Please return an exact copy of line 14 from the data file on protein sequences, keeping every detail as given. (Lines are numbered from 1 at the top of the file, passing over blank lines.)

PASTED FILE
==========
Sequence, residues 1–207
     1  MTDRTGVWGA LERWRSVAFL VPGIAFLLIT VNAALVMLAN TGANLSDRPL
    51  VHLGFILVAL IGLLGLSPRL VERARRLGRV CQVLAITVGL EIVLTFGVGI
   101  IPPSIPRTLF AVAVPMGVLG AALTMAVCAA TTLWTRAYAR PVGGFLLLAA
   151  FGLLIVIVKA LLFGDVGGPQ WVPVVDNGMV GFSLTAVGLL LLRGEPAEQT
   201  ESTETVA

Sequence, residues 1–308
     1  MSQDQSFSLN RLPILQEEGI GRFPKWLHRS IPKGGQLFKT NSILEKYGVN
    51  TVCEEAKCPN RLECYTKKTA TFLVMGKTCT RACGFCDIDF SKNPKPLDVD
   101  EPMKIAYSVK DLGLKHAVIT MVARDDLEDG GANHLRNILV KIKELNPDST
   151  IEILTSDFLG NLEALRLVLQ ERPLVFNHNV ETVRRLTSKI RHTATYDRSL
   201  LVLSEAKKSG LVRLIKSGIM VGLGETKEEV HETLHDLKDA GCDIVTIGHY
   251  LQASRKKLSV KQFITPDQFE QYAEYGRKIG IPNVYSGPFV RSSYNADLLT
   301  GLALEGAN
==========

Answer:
   301  GLALEGAN